New York

The Draughtsman’s Contract

After taking out the eyes and ripping off the shirt of a picaresque artistic hero, a band of aristocratic gentlemen proceed to murder him while haughtily asking the question, “What is a man without foresight and property?” The answer, aptly illustrated by their victim’s swift demise, is, of course, “nothing.” This final scene from Peter Greenaway’s The Draughtsman’s Contract suggests one reading of the film’s meanderingly intelligent and erratically economic narrative, which cleverly entertains a suite of themes ranging from the primacy of property and power, to the encapsulation of the libidinal within the monetary (and vice versa), to how artistic practice is prescribed by formal conventions and proprietary extravagance.

Set in the English countryside of the late 17th century, the film depicts the arrival of a draftsman, Mr. Neville (Anthony Higgins), on the Herbert estate. Here, in the absence of Mr. Herbert, he is recruited to execute 12 drawings of the property. In exchange for this task he will receive a modest fee, which is then supplemented by Mrs. Herbert (Janet Suzman), who offers him her body. This generosity is later mimicked by her daughter, Mrs. Talmann (Anne Louise Lambert). A contract is drawn up and the renderings begin. But as the assignment proceeds, a certain dissembling aspect begins to invade the drawings: objects appear that don’t belong, and strange clues suggest oncoming rude awakenings that finally result in the discovery of Mr. Herbert’s body. So The Draughtsman’s Contract is a tale of murder which slithers into a yarn of adultery, struts into an outline of patrilineage, flourishes into a scrutiny of artistic patronage, drifts into a consideration of allegory, and tumbles back into a tale of murder.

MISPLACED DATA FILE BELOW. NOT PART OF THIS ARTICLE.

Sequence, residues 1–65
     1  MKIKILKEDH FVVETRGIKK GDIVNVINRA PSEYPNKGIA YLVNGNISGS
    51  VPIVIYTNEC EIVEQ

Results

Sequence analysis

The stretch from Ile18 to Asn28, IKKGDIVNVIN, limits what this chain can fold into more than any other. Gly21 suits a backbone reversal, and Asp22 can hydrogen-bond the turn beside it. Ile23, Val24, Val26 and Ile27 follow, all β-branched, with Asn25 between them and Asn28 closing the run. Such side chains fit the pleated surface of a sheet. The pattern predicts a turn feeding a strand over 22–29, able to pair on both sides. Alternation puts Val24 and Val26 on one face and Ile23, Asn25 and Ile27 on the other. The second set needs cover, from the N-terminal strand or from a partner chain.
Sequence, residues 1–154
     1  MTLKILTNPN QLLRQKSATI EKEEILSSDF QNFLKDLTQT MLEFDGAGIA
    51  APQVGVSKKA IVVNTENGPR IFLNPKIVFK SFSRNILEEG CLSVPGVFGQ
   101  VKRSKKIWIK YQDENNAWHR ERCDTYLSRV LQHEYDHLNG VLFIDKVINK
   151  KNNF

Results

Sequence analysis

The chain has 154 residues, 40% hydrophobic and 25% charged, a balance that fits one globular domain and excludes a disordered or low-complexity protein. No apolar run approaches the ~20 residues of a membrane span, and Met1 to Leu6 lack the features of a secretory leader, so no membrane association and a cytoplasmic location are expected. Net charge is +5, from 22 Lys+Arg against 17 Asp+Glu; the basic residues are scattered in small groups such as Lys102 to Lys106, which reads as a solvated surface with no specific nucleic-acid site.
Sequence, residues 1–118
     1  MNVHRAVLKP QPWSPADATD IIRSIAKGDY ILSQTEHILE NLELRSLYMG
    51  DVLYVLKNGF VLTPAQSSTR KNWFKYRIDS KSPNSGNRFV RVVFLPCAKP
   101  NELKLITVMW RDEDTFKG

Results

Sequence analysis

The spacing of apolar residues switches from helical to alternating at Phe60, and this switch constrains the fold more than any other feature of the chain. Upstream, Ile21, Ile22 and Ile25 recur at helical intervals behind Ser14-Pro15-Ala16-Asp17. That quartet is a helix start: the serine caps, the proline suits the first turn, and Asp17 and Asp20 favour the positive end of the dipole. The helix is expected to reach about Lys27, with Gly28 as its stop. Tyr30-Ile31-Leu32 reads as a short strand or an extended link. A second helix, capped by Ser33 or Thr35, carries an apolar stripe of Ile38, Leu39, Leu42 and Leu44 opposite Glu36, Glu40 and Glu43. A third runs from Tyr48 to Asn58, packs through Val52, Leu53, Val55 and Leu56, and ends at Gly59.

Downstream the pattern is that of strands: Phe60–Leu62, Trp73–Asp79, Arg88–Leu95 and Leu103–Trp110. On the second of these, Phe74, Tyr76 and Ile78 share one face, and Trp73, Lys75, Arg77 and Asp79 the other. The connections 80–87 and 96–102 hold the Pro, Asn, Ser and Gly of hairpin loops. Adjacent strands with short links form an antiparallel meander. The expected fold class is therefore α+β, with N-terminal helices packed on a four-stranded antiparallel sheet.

But while constantly threatening to do so, the film just misses dissolving into merely a suave salute to the good life, an uncritically adoring puff of historicism. Rather, it casts a satiric eye on convention and its invasion of the social life of the period, from the delicacy of a curtsy to the binding rigor of a contract. This is not only conveyed through the use of tableaux and anecdotal hesitations, but also voiced in an insistently intelligent and witty dialogue. The narrative advances through a series of structural demarcations, a procedure present in many of Greenaway’s prior films; these stanzas begin with a long shot of the area of the estate to be sketched, proceed to the actual drawing, and broaden into tightly orchestrated bundles of incidents, retorts, and positionings. Combining a virtuoso display of language with an amusingly lascivious sexuality (a forbiddingly formidable coupling), the film reminds us of the ability of capital to define who is ravished, and when and where. The Draughtsman’s Contract is embroiled in the narrative relationships of seemingly unrelated incidents and ingeniously details the conspiracy of inheritance. Esthetically, the film is a smashingly attractive conceit about the smashing attractiveness of esthetic conceit.

So one might wonder how a film as thoughtfully wrought as this has managed to become a popular item both on the festival circuit and in commercial venues. In America The Draughtsman’s Contract emerged at an opportune moment—that of the cresting of a kind of filmic Anglophilia which threatens to submerge the colonies like a tidal wave of tea and crumpets (Ghandi, Brideshead Revisited, Chariots of Fire, etc.). Another enhancement is Greenaway’s ability to cloak his criticality in a costume of seductively palatable mastery which has proven irresistible to the culture vultures. And this exotic foreign morsel has slightly postgraduate PBS leanings—there is a pronounced self-congratulatory lilt to the entire proceeding which constantly foregrounds the director’s cerebral prowess while also seeming to flatter the spectator who has the “good taste” (and class?) to appreciate the refinements at hand.

Nevertheless, The Draughtsman’s Contract reminds us why intelligent cinema remains such an astonishment: we almost never see it. Without the support of the British Film Institute and Channel Four this film and many other independent British works could never have been made. One can only hope for equally ambitious funding procedures and distributive capabilities on this side of the pond.

Barbara Kruger